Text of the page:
Leaks, loose flashing or damaged shingles signal when your roof should be fixed — before it fails.
It would be great if you could tell the need for a new roof with a sure sign, like buckets in a living room catching a downpour.
In real life, homeowners hope to know long before then that they should replace a roof. But they also don’t want to spend $5,000 or $10,000 unless they have to. It’s all proactive. The last thing you want to do is replace drywall and paint.
So how does a homeowner not only know when a roof is about to fail but also catch it before it does? Start by considering the age.
Most asphalt roofs start to fail in 15 to 20 years. The older a roof, the more it requires inspection — especially along peaks, valleys, penetrations and edges.
Homeowners should examine their roofs for key signals, say experts.
Water damage in the home or attic is the clearest sign of roof failure. But a leak alone isn’t conclusive proof that an entire roof needs to be replaced. Be sure that the leak isn’t due to poor flashing around a skylight, chimney, vent or other penetration of the roof. Such a problem can be fixed without replacing the entire roof.
Light in the attic
A thorough inspection of the roof should include looking under the roof. Cracks of light in a dark attic often point to thin or exposed spots in the roofing above, although make sure the light isn’t coming from vents — which is normal.
Asphalt shingles are typically constructed of fiberglass or felt mats covered with asphalt and topped with ceramic granules, which protect the roof against the rays of the sun. As the shingles age, granules loosen and run off. Look for smooth shingles or granules collecting in gutters.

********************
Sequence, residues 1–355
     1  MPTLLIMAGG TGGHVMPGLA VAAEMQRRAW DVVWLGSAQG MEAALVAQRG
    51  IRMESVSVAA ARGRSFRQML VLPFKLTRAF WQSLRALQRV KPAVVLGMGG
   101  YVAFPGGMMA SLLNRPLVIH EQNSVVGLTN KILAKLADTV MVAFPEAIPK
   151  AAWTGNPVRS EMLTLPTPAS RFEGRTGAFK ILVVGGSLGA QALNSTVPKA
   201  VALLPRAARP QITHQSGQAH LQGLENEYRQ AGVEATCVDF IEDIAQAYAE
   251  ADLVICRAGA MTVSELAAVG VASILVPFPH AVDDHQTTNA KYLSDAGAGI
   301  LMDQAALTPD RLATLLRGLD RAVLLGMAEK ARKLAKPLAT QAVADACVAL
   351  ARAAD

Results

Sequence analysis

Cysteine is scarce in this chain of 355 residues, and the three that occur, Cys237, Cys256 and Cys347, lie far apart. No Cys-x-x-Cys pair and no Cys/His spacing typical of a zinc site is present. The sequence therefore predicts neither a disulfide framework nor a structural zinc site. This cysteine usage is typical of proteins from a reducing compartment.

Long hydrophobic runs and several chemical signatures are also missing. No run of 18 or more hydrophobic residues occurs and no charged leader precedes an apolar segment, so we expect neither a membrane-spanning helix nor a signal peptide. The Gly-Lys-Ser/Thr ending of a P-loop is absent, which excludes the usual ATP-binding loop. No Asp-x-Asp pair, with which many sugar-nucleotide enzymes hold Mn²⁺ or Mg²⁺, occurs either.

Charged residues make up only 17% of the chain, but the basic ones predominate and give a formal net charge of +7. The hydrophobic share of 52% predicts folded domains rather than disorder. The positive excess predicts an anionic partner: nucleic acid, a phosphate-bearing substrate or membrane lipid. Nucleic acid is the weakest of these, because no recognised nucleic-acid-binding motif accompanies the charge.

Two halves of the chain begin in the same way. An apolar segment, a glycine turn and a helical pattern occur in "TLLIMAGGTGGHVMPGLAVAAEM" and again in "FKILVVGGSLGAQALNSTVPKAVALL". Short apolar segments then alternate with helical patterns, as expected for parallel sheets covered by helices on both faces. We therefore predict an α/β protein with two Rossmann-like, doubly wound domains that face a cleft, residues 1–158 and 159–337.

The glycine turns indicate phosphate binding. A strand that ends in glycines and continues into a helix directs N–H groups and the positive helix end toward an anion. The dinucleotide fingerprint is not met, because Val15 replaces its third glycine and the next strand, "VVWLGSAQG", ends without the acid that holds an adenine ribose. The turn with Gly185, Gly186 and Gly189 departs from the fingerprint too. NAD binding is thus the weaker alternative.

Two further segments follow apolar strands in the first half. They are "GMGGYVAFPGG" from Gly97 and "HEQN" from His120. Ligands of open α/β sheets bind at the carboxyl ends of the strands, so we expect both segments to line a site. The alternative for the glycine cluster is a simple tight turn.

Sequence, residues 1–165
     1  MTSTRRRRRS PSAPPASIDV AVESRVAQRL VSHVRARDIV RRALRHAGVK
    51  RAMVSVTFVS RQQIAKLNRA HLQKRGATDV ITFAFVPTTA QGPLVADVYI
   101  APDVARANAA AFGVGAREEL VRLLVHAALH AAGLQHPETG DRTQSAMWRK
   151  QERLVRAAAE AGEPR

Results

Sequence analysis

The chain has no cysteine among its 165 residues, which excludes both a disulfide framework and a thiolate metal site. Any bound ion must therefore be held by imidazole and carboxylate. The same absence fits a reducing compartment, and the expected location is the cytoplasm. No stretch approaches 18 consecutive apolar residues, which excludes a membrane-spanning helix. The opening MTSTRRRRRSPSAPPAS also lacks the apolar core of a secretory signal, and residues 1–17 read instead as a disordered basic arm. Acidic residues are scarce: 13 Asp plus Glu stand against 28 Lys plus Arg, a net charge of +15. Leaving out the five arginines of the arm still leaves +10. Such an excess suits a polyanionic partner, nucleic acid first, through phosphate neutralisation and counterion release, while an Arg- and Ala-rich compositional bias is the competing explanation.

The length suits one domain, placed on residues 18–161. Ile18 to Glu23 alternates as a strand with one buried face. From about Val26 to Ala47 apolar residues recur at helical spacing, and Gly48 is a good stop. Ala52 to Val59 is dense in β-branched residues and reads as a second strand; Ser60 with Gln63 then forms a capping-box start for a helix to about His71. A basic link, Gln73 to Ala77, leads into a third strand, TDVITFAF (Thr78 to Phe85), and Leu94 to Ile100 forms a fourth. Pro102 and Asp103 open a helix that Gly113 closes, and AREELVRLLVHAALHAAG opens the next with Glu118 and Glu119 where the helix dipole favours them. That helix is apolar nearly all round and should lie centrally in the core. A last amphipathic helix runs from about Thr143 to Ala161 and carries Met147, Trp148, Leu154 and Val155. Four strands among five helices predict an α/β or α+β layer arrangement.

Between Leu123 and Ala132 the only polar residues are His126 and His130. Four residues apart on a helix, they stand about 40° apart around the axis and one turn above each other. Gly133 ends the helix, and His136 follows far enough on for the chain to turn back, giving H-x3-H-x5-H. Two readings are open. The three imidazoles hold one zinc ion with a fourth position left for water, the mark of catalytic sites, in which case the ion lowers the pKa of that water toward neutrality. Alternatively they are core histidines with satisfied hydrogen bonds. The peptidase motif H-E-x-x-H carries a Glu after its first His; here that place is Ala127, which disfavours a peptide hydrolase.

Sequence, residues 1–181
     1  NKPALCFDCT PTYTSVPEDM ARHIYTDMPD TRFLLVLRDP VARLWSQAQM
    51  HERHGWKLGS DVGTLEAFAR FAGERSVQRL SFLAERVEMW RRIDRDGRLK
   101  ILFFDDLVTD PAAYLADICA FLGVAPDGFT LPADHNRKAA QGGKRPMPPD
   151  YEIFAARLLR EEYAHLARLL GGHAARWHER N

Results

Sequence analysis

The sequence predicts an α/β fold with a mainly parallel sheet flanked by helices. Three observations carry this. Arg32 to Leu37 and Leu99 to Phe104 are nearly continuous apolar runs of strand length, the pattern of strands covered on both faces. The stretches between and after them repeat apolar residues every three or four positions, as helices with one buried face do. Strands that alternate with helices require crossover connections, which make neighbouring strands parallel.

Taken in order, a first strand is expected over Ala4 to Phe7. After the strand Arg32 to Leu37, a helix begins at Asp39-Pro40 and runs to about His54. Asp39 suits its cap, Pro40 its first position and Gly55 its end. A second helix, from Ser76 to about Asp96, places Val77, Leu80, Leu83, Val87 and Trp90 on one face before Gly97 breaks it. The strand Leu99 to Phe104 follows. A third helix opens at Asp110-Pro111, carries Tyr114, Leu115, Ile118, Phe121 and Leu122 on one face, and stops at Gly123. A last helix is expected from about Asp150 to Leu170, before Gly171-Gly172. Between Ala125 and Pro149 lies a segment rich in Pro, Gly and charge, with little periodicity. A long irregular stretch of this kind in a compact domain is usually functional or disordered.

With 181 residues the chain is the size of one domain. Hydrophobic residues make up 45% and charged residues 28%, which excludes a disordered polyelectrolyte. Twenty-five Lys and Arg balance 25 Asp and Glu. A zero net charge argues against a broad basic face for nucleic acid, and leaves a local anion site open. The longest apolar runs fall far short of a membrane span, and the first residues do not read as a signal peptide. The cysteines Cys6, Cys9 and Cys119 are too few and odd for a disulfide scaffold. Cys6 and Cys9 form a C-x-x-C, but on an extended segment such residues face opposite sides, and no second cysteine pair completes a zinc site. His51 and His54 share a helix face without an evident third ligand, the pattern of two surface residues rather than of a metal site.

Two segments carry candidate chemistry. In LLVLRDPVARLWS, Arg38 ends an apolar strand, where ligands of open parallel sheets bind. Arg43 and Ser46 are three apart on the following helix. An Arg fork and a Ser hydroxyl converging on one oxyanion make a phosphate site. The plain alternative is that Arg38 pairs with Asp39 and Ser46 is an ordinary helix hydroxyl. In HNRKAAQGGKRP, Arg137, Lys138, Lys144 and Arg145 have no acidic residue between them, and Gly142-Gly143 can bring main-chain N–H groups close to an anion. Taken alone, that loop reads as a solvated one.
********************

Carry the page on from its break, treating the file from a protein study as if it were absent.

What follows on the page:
Cracked, missing or curled shingles are more signs of roof aging. A few damaged shingles might not be serious or might be repaired, but a roof full of such shingles could be vulnerable to leaking.
Asphalt shingles are designed to stick firmly to the shingle below it. As the seal weakens, wind can blow water and debris under the shingles, causing further deterioration.
Algae and moss
Although they can be unsightly, algae and moss growth on a home aren’t themselves causes for alarm. But, over time, both can eat away at granules, weakening the roof shingles.
Flashing is the metal flange placed around any penetration of the roof, as around a skylight, vent or chimney. Over time, flashing can pull away from the roof, leaving gaps that water can run into.
Check to ensure that flashing is firm to the roof and under shingles above skylights, vents and chimneys. That often happens is it’s not your shingles per se reaching the end of life, but everything else does.